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Food Service Staff Provide Stability for students despite Uncertainty of pandemic, food Supply Shortages, more

food service worker ringing up student lunch

It’s nearly lunchtime at Skyline High School, and the Food Services team is almost ready for the hundreds of students who will soon file through the lunch line. Final preparations include filling the warming trays with fragrant orange chicken, stacking wrapped burgers and readying individual servings of fruit and vegetables for the hungry teenagers. 

“Ready?” Kitchen Manager Rachel Carlson asks her team, smiling behind her mask. “OK, let’s get these kids in!” Students begin filtering into the cafeteria, which is called the Cascadia Café, welcomed by Carlson and the other Food Service employees. The number of meals served at Skyline has increased dramatically since before COVID-19, when Carlson said they would celebrate if they hit 100 meals served. Now, the team of seven serves hundreds of students each day and their all-time high was 561 meals served. “That is an incredible increase in the amount of food coming in and out of this kitchen,” she said. Part of that increase is likely due to the fact that meals are available for free this school year to all students as part of the National School Lunch Program. 

Food Services staff from throughout the district emphasize two things: First, they love feeding their students. And second, their work has been immensely more challenging since the pandemic began. The two biggest obstacles they have faced have been staffing shortages and supply chain issues, said Brian Olson, Director of Food Services. At the beginning of the 2021-2022 school year, 23 of the department’s 76 positions were filled with brand new staff. “These new employees got thrown into the craziest year in child nutrition ever – which I never thought I would say after last year,” Olson said. “They have gotten in there, rolled up their sleeves and learned from the person next to them – or from each other, if they’re both new.” 

Across the board, new and experienced kitchen staff members have worked incredibly hard to overcome obstacles such as continued food supply shortages that necessitate frequent menu substitutions. “They’ve been amazing,” Olson said. “It sounds cliché in our industry, but you can’t learn if you’re not fed. It’s absolutely important to feed our students while they’re at school.”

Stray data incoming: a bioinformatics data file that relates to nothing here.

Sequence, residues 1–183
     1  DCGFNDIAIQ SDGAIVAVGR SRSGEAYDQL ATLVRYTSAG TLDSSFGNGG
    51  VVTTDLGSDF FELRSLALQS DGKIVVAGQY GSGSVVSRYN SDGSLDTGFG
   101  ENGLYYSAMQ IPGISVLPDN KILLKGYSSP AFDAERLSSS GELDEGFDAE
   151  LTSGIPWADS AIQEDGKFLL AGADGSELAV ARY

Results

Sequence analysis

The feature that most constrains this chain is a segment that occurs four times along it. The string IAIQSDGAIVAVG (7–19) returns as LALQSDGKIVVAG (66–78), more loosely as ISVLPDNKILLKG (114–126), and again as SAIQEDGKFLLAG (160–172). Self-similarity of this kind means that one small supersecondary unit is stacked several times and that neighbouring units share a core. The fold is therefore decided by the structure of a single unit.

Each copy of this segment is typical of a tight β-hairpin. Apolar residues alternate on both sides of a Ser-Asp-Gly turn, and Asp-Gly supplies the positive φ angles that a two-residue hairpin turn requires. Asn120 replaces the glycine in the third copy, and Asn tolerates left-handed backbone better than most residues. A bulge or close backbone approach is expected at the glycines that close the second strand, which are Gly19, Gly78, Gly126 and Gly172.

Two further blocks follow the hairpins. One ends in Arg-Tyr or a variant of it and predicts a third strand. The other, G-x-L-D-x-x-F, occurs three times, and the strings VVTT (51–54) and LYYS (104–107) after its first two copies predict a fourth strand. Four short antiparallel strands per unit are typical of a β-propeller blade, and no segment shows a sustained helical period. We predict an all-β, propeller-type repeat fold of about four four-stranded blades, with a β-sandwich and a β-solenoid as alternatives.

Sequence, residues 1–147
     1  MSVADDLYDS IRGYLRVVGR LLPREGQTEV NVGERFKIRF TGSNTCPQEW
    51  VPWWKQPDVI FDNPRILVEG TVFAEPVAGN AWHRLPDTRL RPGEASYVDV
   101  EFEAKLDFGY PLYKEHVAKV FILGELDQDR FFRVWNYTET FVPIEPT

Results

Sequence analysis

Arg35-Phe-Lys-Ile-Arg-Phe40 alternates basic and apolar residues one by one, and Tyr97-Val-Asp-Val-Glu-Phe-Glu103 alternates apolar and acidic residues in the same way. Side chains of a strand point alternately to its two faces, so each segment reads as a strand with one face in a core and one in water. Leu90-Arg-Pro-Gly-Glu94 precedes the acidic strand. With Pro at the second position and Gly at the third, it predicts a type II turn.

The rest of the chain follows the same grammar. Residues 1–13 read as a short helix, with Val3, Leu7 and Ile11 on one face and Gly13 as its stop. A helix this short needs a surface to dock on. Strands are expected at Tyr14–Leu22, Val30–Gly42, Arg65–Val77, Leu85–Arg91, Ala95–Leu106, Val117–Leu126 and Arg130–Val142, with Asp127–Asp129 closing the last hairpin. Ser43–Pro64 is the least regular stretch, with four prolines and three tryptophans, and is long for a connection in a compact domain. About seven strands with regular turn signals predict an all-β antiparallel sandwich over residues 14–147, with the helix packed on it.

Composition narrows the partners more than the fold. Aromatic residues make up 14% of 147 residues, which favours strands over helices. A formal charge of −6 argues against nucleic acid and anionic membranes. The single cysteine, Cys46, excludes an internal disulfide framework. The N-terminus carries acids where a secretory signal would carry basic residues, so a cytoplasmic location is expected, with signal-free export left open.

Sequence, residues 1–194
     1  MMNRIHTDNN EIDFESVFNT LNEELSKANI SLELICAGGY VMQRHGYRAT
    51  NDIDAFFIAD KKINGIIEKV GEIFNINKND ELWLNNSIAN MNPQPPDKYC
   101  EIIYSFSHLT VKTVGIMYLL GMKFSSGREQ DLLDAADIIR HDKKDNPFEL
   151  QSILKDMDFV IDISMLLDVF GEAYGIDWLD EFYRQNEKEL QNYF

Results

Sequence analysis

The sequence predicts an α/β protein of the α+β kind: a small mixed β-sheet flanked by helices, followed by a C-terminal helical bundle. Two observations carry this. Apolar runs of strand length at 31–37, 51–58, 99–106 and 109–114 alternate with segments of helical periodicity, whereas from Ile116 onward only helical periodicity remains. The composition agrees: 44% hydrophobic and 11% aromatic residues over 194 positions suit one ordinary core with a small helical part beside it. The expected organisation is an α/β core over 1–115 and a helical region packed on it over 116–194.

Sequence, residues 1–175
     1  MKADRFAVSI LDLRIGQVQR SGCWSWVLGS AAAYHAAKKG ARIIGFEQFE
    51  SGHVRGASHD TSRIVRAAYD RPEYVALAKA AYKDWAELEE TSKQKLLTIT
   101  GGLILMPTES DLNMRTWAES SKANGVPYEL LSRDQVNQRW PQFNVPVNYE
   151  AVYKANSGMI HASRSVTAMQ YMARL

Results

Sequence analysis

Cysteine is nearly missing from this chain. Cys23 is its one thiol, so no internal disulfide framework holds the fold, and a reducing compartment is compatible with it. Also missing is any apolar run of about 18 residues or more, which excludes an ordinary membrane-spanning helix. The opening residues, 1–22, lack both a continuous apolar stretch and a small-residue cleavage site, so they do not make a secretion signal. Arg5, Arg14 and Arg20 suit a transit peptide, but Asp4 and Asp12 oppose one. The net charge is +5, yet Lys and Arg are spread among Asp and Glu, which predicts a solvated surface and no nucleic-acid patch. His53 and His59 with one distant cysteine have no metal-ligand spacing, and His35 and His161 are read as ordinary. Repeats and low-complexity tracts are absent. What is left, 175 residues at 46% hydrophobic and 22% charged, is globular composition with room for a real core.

The other major difficulty has been having enough staff members on site to fully operate. Some of the elementary locations are meant to operate with two-person teams, but if one person is unexpectedly absent and a substitute is not available, it’s not possible for the remaining staff member to prepare all the meals, serve and perform cashier duties by themselves. In those situations, Olson has moved those locations temporarily to a meal kit model.  

Lori Blair-Kargl, who has worked in the kitchen at Skyline for eight years, helped out at four or five different kitchens since the pandemic began, said she is grateful to be back at Skyline in person with the students. “I’ve loved the connection with the kids,” Blair-Kargl said, noting that she particularly enjoys meeting new Spartans and following their progress until graduation. 

At Cougar Mountain Middle School, which is temporarily housed at Ringdall Junior High in Newcastle until construction at their new building wraps up later this school year, Kitchen Manager Teri Langdon said that the supply shortages have been incredibly disruptive. In recent months, their school only received about 60 percent of the items ordered on any given delivery day. It was a dramatic difference on one recent day, when they suddenly received nearly everything they had ordered.  

The challenges have helped them become even more efficient, organized and prepared than they were before the pandemic, Langdon said. “It taught you to be adaptable when things change,” she added. “We are feeding every kid who wants to be fed. I couldn’t ask for a better crew.”  

Note: If you know a family in need of food assistance, please connect them with our community partner, the Issaquah Food & Clothing Bank, issaquahfoodbank.org.